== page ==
Bora, D. K., Hazarika, D., Borah, K., Rai, S. S. & Baruah, S. Crustal shear-wave velocity structure beneath northeast India from teleseismic receiver function analysis. J. Asian Earth Sci. 90, 1–14 (2014).
Borah, K., Kanna, N., Rai, S. S. & Prakasam, K. S. Sediment thickness beneath the Indo-Gangetic Plain and Siwalik Himalaya inferred from receiver function modelling. J. Asian Earth Sci. 99, 41–56 (2015).
We are grateful to people and institutions who have made fieldwork possible in Nepal and Bhutan, namely the Department of Mines and Geology (Kathmandu), Department of Geology and Mines (Thimphu), HELVETAS Swiss Intercooperation Thimphu Office, and all the local drivers. We greatly acknowledge the RESIF-Gmob facilities for making gravimeter Micro-g LaCoste FG5 #228 and Scintrex CG5 instruments available. We are indebted to colleagues who have provided gravity data: Giorgio Poretti (Trieste), Paramesh Banerjee (Singapore), as well as the Bureau Gravimétrique International. We thank a large number of colleagues for help and discussions over the past 10 years at ENS Paris, at Géosciences Montpellier, at ETH Zürich, and in Nepal and Bhutan. This study was financed by North-South Centre at ETH Zürich, ETH Zürich, CNES TOSCA, CNRS-INSU, ANR, and Swiss National Science Foundation (Grant PP00P2_157627).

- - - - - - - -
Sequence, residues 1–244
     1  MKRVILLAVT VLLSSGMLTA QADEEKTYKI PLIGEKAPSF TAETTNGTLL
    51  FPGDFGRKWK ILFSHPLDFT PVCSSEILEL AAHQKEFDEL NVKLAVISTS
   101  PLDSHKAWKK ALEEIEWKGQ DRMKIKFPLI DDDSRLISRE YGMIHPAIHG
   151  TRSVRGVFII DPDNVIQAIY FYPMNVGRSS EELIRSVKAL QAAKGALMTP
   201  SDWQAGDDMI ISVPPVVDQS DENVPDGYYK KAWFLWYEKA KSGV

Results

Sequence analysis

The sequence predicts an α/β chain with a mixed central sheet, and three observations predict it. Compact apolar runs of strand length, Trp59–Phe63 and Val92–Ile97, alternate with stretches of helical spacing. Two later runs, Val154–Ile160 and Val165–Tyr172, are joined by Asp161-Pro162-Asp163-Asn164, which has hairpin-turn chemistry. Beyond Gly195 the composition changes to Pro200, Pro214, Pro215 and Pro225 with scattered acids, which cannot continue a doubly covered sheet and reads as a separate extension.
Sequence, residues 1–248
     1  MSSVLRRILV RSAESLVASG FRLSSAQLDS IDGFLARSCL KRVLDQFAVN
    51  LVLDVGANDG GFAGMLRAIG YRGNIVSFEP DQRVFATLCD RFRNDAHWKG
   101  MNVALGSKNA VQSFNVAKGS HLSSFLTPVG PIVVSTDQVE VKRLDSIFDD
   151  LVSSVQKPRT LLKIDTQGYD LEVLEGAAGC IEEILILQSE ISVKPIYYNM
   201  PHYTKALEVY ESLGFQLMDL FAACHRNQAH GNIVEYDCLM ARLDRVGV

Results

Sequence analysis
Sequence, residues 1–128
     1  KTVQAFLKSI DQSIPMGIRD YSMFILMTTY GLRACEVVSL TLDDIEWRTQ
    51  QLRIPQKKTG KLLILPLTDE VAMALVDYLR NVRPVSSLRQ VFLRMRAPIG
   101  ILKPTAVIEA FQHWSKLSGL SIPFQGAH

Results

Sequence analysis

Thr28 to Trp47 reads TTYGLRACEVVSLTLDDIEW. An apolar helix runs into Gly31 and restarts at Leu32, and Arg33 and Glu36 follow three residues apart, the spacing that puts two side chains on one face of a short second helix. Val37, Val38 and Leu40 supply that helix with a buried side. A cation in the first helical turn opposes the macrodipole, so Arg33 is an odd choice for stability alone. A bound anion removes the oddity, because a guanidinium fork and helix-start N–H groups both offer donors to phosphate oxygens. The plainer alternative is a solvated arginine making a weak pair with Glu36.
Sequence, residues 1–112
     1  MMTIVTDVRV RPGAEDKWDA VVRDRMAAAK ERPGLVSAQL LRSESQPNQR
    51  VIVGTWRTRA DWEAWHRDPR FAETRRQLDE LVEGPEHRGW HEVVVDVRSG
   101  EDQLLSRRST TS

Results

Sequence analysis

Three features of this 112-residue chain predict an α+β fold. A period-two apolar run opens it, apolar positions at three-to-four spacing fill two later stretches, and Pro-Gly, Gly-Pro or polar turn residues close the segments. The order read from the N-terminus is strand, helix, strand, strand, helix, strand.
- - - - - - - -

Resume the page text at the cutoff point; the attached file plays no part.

The authors declare no competing financial interests.
About this article
Cite this article
Hetényi, G., Cattin, R., Berthet, T. et al. Segmentation of the Himalayas as revealed by arc-parallel gravity anomalies. Sci Rep 6, 33866 (2016). https://doi.org/10.1038/srep33866
This article is cited by
Foreland Basin Geometry and Disposition of Major Thrust Faults as Proxies for Identification of Segmentation along the Himalayan Arc
Journal of the Geological Society of India (2022)
Nature Reviews Earth & Environment (2021)
Establishing primary surface rupture evidence and magnitude of the 1697 CE Sadiya earthquake at the Eastern Himalayan Frontal thrust, India
Scientific Reports (2021)
Geophysical Studies for the Crust and Upper Mantle Structure of the Himalaya: Contributions of CSIR-NGRI
Journal of the Geological Society of India (2021)
Nature Geoscience (2020)